By Flossie Palmer, Features Editor
Two years after releasing tickets for their UK headline tour, named after their 2018 album Welcome to the Neighbourhood, Boston Manor, Blackpool’s new-rock heroes, dominated the stage in an explosive return to live music since the Covid-19 pandemic. Now aptly re-named Welcome Back To The Neighbourhood, Boston Manor launched their tour by reigniting their fans’ love for their music with an energetic and powerful performance, making the long wait for live viewing in what the lead singer, Henry Cox, coined the ‘most rescheduled modern rock tour in UK history’ all worthwhile.
The show began with the first support act, Jools, a noise-rock band from Leicester who pride themselves on utilising art to make a political statement and call out societal inequalities. On paper, their intentions are fresh and invigorating, but on stage this fell rather flat. The performance felt disparate for their 45-minute slot, with the lead vocalist, Mitchell Gordon, songwriter Kate Price and guitarist Ellis Crowson appearing to be the only band members invested in the performance. Gordon’s stage presence felt rather overexaggerated, and Price’s short on-stage cameo, shimmying and seemingly miming the lyrics to ‘Cross-Dressing in a Freudian Slip’ felt rather awkward to watch.
As much as Jools’ musical intentions are refreshing and their political messages hugely important, I wanted to like them much more than I actually did. Mitchell Gordon’s vocals were disruptive, and the lyrics barely audible through the microphone, overshadowing the actually commendable modern-rock backing music. It is fair to say that while Jools harbours huge potential for the UK rock scene, their current music remains rather experimental and divisive among live audiences.
Following Jools’ perplexing performance, Movements, a pop-punk, ‘sad boi’ emo band from Southern California, completely stole the stage. Already popular with most of the audience, Movements performed songs both old and new, including their most listened to track on Spotify, ‘Daylily,’ which had everyone singing along in an emotional catharsis, setting up the atmosphere perfectly for Boston Manor’s explosive entrance.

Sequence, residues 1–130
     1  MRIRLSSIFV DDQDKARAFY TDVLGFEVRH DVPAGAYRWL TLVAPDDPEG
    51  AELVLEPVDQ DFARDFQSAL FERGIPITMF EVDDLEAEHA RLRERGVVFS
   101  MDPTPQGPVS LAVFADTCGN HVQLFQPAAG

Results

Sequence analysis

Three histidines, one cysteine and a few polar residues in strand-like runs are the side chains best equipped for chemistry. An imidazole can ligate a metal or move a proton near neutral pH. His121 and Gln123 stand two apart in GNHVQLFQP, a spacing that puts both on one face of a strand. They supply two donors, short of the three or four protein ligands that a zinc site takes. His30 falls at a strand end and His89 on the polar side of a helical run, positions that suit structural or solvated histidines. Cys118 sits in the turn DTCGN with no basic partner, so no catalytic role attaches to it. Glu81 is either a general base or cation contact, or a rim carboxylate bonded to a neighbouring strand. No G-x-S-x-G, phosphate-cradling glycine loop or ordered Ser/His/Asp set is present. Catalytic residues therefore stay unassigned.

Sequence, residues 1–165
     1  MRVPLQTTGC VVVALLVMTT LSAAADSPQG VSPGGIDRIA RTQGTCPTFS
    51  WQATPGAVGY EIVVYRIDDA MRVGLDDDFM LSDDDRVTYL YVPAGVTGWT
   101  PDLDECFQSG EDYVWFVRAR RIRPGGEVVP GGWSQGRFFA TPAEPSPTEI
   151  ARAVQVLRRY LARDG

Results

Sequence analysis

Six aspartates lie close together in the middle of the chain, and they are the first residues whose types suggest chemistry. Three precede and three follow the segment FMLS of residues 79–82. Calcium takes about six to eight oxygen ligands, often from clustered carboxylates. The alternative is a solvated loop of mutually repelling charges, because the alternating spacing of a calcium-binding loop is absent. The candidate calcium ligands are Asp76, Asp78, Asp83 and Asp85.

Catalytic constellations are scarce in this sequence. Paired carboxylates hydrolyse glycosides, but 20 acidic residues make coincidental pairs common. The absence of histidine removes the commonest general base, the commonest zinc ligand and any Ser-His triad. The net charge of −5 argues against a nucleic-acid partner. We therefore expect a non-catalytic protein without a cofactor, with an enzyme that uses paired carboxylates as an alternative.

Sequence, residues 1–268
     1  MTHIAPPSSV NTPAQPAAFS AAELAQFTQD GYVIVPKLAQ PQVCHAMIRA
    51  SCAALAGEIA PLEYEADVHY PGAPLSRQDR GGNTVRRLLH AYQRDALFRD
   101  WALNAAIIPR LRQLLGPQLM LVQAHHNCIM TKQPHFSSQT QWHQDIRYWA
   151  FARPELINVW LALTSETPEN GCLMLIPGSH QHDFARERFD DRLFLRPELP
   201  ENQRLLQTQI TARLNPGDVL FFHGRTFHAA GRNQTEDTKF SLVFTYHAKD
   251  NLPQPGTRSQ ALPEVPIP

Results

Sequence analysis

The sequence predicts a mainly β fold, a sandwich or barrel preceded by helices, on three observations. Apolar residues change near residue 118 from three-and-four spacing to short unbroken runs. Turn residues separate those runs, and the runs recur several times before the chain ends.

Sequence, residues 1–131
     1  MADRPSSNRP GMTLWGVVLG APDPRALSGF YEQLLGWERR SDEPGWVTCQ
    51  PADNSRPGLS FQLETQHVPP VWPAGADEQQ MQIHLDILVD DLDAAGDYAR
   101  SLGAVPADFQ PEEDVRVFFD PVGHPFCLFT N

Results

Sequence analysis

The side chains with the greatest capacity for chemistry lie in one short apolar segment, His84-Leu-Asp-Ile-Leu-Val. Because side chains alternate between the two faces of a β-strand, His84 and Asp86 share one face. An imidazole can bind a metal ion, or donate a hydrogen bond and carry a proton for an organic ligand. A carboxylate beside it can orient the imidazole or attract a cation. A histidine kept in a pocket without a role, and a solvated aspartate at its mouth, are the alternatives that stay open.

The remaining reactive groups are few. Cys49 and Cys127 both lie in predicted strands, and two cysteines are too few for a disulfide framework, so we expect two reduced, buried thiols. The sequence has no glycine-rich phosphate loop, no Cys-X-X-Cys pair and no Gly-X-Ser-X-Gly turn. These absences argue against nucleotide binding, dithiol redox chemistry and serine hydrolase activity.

Leaving the sad and melancholic tones of Movements behind, Boston Manor immediately dominated the stage with a resurgence in energy and volume. The stage remained vacant for a few minutes, a jarring, liminal space in which the lights flickered and the backing music reverberated around the industrial venue of Marble Factory, only the band’s ski-masked face logo highlighted in red staring threateningly into the anticipating crowd. Boston Manor then disrupted the atmospheric build-up with immediate action, emerging on-stage and launching straight into ‘Everything is Ordinary Now,’ a tribute to their return to live music after a two-year delay.
Throughout the performance, Boston Manor made the most of their communication with the audience. Between the band’s more toned-down performance of ‘Plasticine Dreams,’ which lit up the venue with dazzling white, utopian lights, conveying the false promises of the music industry, lead vocalist Henry Cox encouraged interludes of interaction with the crowd. Cox shared stories of the band’s most-played venue in Bristol, The Hatchet Inn, located opposite the O2 in the city centre, dedicating two of their older songs to the fans who had stuck with them from the very beginning till now.
Cox also encouraged those more nervous about the return to live concerts to get involved with moshing, implementing a sensible ‘T’ for timeout hand signal for if anyone became injured in amongst the chaos, which would help security intervene quickly and put the show on hold. This proved reassuring and largely effective, as most of the crowd were raring to go, launching themselves into a vigorous mosh-pit during Boston Manor’s ‘rowdiest song’ according to Cox, ‘You Me & the Class War’.
After announcing that 180 people had crowd-surfed at once during their Leeds show the night before, Cox put Bristol up to the challenge. Although the numerical results are yet to be released, Bristol didn’t fail to disappoint, with various limbs and shoes visibly flying above the heads of the crowd for the majority of the performance. One fan was even lifted to eye-level with Henry Cox in the centre of the crowd, reciting the lyrics directly back to him with their fingers raised in a heart-shaped formation.
Despite the performance being rescheduled from the original venue of SWX, which suffered fire damage a week before reopening in July 2021, Boston Manor seemed even better suited to the venue of Marble Factory. The industrial, gloomy atmosphere perfectly reflected the dark and raw quality of their music, while the high tin ceilings projected every sound with a deafening roar.
The performance was also as much of a light-display as it was a concert. Each stylistic lighting choice perfectly and uniquely complimented the song being performed; as Cox sang the wildly romantic lyrics of their new track, ‘Let The Right One In,’ golden sun symbols flickered above the crowd.
Of course, Boston Manor’s set wouldn’t have been complete without their most famous song, ‘Halo’, making its long-awaited live performance debut since the pandemic during the show’s finale. With every member of the audience singing along, Boston Manor concluded their successful return to Bristol, exceeding the expectations of a crowd who had loyally waited to see them, and walked away more than satisfied.
Featured image: Flossie Palmer
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